I’m reading George Lakoff and Mark Johnson’s Metaphors We Live By, and it’s really rocking my world. To sum up their book in one (terribly inadequate) sentence:
Metaphors are built into our language so deeply that they unconsciously guide – and even restrict – our thinking.
We don’t just write metaphors. We don’t just talk in metaphors. We think in metaphors.
Metaphors aren’t just for literature and poetry. Cultural metaphors go so deep
that we don’t even realize they’re there. We think we’re thinking about things “literally,” but our conceptual metaphors are built into the language. And they shape our thoughts without us even knowing it.
If we think “Time is Money,” (from chapter two) then it’s something we can budget, save, and invest. It’s something we must not waste. We’ve all heard and said those things, right?
But think of a culture that isn’t ruled by our industrial rhythms. To hunter-gatherers, time is what? I can barely imagine how someone who has no watch, no calendar, and no real concept of money, might conceptualize time.
Even the earliest hunter-gatherers had to have some concept of time: seasons change; day fades into night; babies grow up, grow old, and die.
But they might think of time as a circle, spinning from day to night to day to night again. They might consider their lives a part of that cycle (either through reincarnation or in other ways). Lacking money, they’d certainly not talk about spending or saving time.
So, what does this have to do with “Wrestling with the Angel?”
If our very thoughts are guided by our culture-specific conceptual metaphors, then so were our ancestors’… specifically our spiritual ancestors.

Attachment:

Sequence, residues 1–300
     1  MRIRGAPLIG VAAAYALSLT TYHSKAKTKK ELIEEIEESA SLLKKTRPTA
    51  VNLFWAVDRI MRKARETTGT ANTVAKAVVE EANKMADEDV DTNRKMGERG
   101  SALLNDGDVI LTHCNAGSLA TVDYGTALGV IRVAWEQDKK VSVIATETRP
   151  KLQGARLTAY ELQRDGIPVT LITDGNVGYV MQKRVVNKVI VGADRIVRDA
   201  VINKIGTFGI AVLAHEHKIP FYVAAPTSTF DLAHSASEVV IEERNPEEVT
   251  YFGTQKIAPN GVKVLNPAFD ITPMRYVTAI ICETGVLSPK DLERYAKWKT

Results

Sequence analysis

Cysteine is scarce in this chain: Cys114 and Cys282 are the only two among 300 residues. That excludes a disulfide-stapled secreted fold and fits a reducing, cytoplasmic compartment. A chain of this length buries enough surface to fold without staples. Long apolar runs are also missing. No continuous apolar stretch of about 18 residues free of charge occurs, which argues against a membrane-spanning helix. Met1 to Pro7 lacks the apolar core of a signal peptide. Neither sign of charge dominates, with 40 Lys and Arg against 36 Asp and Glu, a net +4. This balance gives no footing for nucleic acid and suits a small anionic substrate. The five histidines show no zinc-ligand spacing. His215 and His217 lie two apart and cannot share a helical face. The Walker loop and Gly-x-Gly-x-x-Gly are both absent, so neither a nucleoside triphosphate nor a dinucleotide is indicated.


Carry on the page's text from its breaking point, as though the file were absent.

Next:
What were the conceptual metaphors of the writers of the Bible? Can we even really know?
They didn’t live in a post-industrial world. They didn’t struggle with “diseases of affluence.” They knew nothing of equal rights or democracy. And we certainly don’t live in – or understand – their world.
Is it enough to translate the Bible, if we don’t translate the underlying metaphors? Can even the best scholar actually understand the thought processes of a pre-industrial first century believer?
Can we trust the Bible?
Well, yes, but …
Yes, but … we must go beneath the surface. We can’t just read a passage (in translation) and say “God said it, I believe it, and that finished it.”
Yes, but … we can’t allow ourselves to get lazy. In Jesus’s time, Jews and Christians alike studied the scriptures, repeated them, prayed them, and knew the interpretation debates. Today, we’re used to instant answers and polarized parties. We want an ideological clan with all the answers more than we want muddy, messy, living truth.
Yes, but … we must approach scripture humbly, realizing we may be wrong, no matter how long we’ve believed something.
Yes, but … we must approach other people humbly, realizing we may be wrong.
Yes, we can trust the Bible, but … we should know better than to blindly, assuredly, trust ourselves.